June 12, 2012

2012 NBA Finals: A Date With Destiny

     There are no two teams I'd rather see in these NBA Finals. Anyone who says different is either lying or downright oblivious. This feels right, it feels like it's how it's supposed to be. I don't just say that because this was my premature preseason prediction, but because these two teams have clearly had a date with destiny. 

James and Durant working out during the lockout prior to this season.

     In brainstorming my pick, several factors came to mind that I had to address. The first factor was experience. Coming into the Finals, Miami should be the favorite because of one important reason, they were here last year. This exact same Miami Heat team was in this exact spot last year this time. After coming up short, Miami came back with the same dominant mentality this season, perhaps with a new and improved leader in 3-time MVP LeBron James. For the second year in a row he has led his team to the Finals, giving Miami an instant advantage because they know what to expect from this grandiose stage.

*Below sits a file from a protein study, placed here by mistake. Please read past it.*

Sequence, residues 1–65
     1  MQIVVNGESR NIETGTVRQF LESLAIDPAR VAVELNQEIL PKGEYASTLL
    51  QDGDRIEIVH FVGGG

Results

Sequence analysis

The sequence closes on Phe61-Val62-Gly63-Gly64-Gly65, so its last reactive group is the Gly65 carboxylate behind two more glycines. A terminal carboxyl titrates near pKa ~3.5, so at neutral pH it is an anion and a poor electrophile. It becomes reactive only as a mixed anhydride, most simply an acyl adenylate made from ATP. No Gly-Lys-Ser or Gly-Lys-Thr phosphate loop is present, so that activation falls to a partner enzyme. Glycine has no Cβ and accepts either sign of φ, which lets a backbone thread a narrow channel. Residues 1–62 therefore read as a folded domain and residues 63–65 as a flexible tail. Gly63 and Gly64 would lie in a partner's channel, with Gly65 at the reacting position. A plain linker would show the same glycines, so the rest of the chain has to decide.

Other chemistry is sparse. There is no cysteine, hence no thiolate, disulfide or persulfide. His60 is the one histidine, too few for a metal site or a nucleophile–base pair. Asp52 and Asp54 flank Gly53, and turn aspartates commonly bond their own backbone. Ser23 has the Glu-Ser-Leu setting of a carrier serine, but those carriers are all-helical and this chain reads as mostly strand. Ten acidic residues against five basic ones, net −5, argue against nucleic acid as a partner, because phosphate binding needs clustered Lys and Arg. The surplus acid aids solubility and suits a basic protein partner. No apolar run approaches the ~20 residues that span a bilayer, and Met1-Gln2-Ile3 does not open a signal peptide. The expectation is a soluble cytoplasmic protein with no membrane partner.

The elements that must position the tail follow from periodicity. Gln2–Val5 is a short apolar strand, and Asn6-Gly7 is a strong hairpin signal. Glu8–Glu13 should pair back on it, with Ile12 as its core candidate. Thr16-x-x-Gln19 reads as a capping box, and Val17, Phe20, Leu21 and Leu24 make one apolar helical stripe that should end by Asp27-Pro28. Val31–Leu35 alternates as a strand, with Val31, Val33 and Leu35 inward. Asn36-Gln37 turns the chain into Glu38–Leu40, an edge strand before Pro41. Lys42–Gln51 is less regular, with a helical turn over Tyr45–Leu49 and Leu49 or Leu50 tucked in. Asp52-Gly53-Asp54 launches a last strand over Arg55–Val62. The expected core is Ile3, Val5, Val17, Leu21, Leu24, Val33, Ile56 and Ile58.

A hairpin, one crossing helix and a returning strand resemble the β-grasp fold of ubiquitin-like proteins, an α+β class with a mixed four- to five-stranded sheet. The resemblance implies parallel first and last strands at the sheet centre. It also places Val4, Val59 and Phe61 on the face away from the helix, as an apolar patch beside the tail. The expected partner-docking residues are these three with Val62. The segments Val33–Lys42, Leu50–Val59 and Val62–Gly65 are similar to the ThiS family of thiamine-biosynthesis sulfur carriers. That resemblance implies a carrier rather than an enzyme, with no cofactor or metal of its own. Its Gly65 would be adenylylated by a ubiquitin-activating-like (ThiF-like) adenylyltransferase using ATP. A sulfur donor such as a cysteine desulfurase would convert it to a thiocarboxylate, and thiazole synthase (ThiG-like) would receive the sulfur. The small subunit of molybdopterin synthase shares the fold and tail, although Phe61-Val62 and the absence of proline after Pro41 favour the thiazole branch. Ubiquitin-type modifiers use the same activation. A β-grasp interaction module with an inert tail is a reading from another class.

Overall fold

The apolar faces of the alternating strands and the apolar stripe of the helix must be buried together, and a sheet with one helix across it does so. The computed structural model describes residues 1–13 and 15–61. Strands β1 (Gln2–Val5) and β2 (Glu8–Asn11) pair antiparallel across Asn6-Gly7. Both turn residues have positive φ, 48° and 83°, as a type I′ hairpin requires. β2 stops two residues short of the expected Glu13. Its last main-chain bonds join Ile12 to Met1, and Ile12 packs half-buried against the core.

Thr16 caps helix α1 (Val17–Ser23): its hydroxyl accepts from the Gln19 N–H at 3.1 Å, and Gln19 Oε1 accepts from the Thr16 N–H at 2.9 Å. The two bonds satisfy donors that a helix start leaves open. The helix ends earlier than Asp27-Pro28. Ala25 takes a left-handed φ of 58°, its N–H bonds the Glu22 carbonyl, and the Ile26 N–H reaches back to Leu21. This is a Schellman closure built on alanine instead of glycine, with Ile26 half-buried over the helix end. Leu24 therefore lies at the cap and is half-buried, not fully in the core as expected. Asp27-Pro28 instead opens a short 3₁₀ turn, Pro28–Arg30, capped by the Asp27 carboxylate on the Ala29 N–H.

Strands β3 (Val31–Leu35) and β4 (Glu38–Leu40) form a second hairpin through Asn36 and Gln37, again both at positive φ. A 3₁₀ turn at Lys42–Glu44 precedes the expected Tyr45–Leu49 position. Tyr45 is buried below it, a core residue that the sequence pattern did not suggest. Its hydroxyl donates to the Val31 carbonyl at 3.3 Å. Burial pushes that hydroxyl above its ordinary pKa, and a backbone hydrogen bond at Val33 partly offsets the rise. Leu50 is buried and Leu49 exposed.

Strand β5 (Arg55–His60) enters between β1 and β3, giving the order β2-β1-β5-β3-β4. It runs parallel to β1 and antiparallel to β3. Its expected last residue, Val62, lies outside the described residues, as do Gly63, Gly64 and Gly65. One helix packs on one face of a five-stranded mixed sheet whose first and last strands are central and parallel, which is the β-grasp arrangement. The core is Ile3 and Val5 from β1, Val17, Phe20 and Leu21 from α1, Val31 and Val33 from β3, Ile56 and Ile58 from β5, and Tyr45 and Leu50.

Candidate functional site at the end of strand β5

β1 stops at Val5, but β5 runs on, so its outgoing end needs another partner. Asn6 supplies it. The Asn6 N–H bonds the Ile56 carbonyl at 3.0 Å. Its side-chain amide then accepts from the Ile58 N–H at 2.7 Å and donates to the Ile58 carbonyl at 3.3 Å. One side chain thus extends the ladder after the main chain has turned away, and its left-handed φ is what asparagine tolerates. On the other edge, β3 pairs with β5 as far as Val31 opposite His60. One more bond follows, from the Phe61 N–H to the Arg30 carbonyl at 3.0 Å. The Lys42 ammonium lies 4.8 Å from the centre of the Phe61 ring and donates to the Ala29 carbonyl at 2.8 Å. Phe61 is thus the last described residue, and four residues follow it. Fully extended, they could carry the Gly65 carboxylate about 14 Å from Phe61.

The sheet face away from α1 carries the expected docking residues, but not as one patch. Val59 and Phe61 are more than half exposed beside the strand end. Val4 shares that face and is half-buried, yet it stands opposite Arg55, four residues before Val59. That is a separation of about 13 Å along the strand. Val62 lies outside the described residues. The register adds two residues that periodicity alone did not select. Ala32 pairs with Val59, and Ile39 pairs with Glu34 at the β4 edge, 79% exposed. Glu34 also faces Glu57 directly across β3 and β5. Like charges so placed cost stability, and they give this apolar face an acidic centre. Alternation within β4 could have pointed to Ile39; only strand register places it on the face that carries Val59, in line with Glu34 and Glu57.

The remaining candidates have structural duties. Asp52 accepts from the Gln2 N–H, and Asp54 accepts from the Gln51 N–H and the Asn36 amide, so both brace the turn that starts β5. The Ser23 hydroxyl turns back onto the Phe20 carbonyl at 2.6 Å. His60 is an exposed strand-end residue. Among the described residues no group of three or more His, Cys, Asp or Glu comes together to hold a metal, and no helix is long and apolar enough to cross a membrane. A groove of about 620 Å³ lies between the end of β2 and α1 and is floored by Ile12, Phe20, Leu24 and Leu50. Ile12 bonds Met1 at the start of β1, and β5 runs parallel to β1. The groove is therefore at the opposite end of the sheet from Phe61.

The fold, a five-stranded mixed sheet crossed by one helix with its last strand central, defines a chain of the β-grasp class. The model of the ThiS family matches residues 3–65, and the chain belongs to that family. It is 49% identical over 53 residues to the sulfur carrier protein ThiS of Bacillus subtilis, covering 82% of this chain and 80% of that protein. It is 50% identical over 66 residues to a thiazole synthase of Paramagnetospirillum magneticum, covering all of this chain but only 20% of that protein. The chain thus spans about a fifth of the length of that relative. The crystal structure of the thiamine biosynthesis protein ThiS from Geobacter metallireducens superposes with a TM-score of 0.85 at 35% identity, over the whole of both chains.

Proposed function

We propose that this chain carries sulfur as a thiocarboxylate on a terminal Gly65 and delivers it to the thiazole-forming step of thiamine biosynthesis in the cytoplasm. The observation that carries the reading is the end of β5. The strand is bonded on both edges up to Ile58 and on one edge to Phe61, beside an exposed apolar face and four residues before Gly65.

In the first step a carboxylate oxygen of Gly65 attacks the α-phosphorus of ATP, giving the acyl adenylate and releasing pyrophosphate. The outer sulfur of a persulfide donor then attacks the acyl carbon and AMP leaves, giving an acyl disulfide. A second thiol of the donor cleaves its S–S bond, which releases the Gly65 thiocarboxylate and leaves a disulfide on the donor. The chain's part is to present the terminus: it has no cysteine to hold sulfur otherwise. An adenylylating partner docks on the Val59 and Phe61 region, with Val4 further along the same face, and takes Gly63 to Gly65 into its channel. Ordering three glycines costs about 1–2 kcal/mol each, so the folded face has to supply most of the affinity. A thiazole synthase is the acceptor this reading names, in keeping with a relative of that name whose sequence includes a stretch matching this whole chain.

This is the first rodeo for the young Thunder, but does that mean they aren't ready? Absolutely not. This team has grown together over the last three years and have been tested together. We've seen them grow and mature into the best team in the West. After defeating a seemingly unbeatable San Antonio team four games in a row after falling 0-2, it has become clear the Thunder are more than just a group of young athletes; they are a resilient group with absolutely no fear of the moment.

     I like to gain some extra food for thought in making my pick by talking to some peers, as well as hearing what NBA analysts have to say. I read an article by Shaun Powell from NBA.com that brought me to my own realization. In the article, Powell briefly compared the Big 3's for both teams. While Westbrook, Harden, and Durant average more combined points per game in the postseason (67.1) and more points per minute on the floor together than any other three-player combination (2.4), I actually prefer Miami's Big 3 because of their commanding presence on both ends of the floor. However, Powell made a compelling observation. If you were to take away the Big 3 for both parties, Oklahoma City would undoubtedly be the better off team. With role players like Thabo Sefolosha, Serge Ibaka, Kendrick Perkins, Nick Collison, and Derek Fisher, all players who have been consistent in their roles throughout these playoffs, Powell claimed OKC could still muster a win over the Bobcats without their Big 3. An interesting comment, but could the same be said for Miami? While Powell's point may be irrelevant to some, I think it speaks volumes to my past criticisms of Miami's role players.